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OIST Researchers Identify System that Can Store Quantum Information for Longer Times

OIST Researchers Identify System that Can Store Quantum Information for Longer Times

Researchers at the Okinawa Institute of Science and Technology Graduate University (OIST) have identified a system that could store quantum information for longer times, which is critical for the future of quantum computing. This study was recently published in Physical Review Letters. [More]
Microwaves Freeze Single Atoms to Advance Quantum Technology Devices

Microwaves Freeze Single Atoms to Advance Quantum Technology Devices

Physicists at the University of Sussex have found a way of using everyday technology found in kitchen microwaves and mobile telephones to bring quantum physics closer to helping solve enormous scientific problems that the most powerful of today's supercomputers cannot even begin to embark upon. [More]
Chalmers MC2 Organizes QESS2015 Summer School on Quantum Simulation and Computation

Chalmers MC2 Organizes QESS2015 Summer School on Quantum Simulation and Computation

110 participants and 14 prominent lecturers gathered for the QUTE-EUROPE Summer School 2015 on 21-27 June at Hindåsgården. Göran Wendin, professor of theoretical physics at the Department of Microtechnology and Nanoscience - MC2 - is chairman of the local organizing committee. We got the chance to ask a few questions about the event. [More]
Quantum Process Tomography Helps Characterize Unknown Quantum Processes

Quantum Process Tomography Helps Characterize Unknown Quantum Processes

Scientists and engineers from the University of Bristol, UK, and the Centre for Quantum Technologies in Singapore have published work in the June issue of Optica. They demonstrate a new protocol for estimating unknown optical processes, called unitary operations, with precision enhanced by the unique properties of quantum mechanics. This could lead to both dramatically better sensors for medical research and new approaches to benchmark the performance ultra-powerful quantum computers. [More]
Highly Stable, Squeezed Schrödinger Cats Hold Promise for Quantum Computers

Highly Stable, Squeezed Schrödinger Cats Hold Promise for Quantum Computers

Quantum physics is full of fascinating phenomena. Take, for instance, the cat from the famous thought experiment by the physicist Erwin Schrodinger. The cat can be dead and alive at once, since its life depends on the quantum mechanically determined state of a radioactively decaying atom which, in turn, releases toxic gas into the cat's cage. As long as one hasn't measured the state of the atom, one knows nothing about the poor cat's health either - atom and kitty are intimately "entangled" with each other. [More]
Researchers Develop New Quantum Error Correcting Code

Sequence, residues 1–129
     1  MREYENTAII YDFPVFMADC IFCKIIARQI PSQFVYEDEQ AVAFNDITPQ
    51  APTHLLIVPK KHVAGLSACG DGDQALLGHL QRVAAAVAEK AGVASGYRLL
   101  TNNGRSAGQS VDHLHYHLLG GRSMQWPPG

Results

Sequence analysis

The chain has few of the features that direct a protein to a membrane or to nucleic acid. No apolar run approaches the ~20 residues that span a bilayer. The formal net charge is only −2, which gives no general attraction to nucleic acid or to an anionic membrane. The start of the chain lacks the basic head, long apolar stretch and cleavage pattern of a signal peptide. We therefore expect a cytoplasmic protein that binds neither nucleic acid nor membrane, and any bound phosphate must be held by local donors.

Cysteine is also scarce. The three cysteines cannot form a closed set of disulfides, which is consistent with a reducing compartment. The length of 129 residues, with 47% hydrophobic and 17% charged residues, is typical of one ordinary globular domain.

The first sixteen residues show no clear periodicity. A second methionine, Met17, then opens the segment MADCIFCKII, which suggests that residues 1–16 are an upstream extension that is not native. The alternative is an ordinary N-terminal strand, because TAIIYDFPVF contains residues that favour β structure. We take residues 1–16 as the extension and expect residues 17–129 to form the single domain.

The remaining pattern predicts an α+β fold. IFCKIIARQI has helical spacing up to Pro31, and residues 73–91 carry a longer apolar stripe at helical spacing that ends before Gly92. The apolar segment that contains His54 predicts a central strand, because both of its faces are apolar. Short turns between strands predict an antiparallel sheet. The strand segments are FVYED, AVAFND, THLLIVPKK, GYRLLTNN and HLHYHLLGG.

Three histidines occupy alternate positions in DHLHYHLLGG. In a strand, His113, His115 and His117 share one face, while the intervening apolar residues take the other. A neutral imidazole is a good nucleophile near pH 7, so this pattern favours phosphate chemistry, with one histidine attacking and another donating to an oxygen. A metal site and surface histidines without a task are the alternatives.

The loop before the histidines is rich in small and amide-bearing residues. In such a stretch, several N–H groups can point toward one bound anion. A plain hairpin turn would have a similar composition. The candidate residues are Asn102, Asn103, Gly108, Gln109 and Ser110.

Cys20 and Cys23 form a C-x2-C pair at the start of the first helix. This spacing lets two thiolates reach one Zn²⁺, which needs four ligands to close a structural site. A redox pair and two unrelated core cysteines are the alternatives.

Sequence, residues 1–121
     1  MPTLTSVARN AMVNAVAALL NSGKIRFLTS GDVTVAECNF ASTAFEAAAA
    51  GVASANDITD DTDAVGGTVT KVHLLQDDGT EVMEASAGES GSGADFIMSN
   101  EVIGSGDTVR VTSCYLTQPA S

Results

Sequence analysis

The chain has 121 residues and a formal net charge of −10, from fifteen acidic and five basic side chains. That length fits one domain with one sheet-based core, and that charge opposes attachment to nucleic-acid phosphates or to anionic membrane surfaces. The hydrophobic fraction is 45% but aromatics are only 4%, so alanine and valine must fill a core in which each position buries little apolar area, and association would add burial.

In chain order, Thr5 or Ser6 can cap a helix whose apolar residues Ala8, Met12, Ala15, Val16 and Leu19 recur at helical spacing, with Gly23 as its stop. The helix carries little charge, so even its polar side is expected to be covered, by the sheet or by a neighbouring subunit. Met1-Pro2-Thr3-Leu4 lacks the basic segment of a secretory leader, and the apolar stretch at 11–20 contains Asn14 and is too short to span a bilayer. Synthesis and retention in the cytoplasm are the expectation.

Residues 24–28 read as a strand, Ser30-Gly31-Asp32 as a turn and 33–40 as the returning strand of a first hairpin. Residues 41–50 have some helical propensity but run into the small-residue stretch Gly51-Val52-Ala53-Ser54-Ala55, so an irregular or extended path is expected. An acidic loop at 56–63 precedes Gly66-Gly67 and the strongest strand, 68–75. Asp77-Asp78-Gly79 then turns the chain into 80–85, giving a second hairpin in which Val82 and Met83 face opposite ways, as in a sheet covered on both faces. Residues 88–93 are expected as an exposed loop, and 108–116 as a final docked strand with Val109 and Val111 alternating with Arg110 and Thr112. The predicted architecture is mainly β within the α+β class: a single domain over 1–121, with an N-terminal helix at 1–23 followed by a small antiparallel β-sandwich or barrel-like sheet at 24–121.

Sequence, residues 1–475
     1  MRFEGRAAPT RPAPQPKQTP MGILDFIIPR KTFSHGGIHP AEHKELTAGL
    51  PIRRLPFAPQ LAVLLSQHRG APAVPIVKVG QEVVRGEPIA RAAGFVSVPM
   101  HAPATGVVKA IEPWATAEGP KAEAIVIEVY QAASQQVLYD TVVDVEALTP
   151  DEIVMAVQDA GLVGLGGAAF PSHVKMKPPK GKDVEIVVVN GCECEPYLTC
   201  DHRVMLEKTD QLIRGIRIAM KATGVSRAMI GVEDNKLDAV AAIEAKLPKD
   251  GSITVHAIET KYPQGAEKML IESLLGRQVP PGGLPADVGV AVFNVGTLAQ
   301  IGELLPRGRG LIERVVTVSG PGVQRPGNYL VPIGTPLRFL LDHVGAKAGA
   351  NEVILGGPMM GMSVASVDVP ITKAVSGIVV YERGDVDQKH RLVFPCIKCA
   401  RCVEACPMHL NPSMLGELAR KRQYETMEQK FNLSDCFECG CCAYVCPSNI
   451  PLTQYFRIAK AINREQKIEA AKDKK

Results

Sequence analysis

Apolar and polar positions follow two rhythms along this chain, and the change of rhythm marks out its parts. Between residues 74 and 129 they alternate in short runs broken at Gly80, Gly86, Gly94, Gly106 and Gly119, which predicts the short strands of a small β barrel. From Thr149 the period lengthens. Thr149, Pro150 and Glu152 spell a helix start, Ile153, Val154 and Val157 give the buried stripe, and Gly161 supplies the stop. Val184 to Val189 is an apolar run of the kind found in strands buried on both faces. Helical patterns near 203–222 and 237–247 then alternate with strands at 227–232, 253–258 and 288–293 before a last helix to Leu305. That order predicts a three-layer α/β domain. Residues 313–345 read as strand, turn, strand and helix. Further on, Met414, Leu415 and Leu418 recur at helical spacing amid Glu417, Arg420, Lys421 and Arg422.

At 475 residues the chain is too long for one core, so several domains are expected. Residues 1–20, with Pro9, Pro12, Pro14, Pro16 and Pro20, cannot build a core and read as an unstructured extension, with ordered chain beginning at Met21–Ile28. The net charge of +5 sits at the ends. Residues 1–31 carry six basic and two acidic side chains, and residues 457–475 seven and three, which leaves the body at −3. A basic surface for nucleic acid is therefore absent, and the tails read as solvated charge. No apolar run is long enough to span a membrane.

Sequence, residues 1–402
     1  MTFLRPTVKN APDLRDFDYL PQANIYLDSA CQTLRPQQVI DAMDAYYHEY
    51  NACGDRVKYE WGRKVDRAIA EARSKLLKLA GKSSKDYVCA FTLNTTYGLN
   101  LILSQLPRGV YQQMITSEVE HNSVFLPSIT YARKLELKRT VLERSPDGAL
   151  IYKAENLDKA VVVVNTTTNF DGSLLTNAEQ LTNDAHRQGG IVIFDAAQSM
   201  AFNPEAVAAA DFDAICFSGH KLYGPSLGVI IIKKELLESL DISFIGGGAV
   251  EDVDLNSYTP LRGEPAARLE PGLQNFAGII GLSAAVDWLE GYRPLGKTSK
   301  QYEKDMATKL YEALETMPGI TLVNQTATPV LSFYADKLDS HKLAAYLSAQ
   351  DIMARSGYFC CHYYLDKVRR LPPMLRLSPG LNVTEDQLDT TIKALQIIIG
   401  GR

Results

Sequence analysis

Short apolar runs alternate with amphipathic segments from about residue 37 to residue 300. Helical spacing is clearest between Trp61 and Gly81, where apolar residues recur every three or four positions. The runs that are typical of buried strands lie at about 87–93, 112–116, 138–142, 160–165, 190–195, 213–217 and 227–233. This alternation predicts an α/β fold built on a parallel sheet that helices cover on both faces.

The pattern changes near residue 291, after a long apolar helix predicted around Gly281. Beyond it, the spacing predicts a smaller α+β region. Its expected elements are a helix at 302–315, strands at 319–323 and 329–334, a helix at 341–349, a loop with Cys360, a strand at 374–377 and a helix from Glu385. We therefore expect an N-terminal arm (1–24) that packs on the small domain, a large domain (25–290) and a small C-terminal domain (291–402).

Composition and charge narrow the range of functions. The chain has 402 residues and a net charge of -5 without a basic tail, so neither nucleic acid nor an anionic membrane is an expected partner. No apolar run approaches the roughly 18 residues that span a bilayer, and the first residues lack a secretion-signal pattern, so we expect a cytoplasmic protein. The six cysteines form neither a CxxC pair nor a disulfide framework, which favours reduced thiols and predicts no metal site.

Researchers Develop New Quantum Error Correcting Code

Quantum computers are largely theoretical devices that could perform some computations exponentially faster than conventional computers can. Crucial to most designs for quantum computers is quantum error correction, which helps preserve the fragile quantum states on which quantum computation depends. [More]
Swing-Dancing' Electrons Could Help Develop New Quantum Devices

Swing-Dancing' Electrons Could Help Develop New Quantum Devices

A research team led by the University of Pittsburgh's Jeremy Levy has discovered electrons that can "swing dance." This unique electronic behavior can potentially lead to new families of quantum devices. [More]
Researchers Design and Operate Working Superconducting Qubit Devices

Researchers Design and Operate Working Superconducting Qubit Devices

Professor Oleg Astafiev, jointly appointed Professor at Royal Holloway and Visiting Professor at the National Physical Laboratory (NPL), and his team of researchers, have designed, built and operated the first working superconducting qubit devices in the UK. [More]
Topological State of New Family of Materials can be Observed Directly

Topological State of New Family of Materials can be Observed Directly

They are 'strange' materials, insulators on the inside and conductors on the surface. They also have properties that make them excellent candidates for the development of spintronics ('spin-based electronics') and more in general quantum computing. However, they are also elusive as their properties are extremely difficult to observe. [More]
A Single Nuclear Spin Could Possibly be Detected at Room Temperature

A Single Nuclear Spin Could Possibly be Detected at Room Temperature

For the first time, a researcher at the University of Waterloo has theoretically demonstrated that it is possible to detect a single nuclear spin at room temperature, which could pave the way for new approaches to medical diagnostics. [More]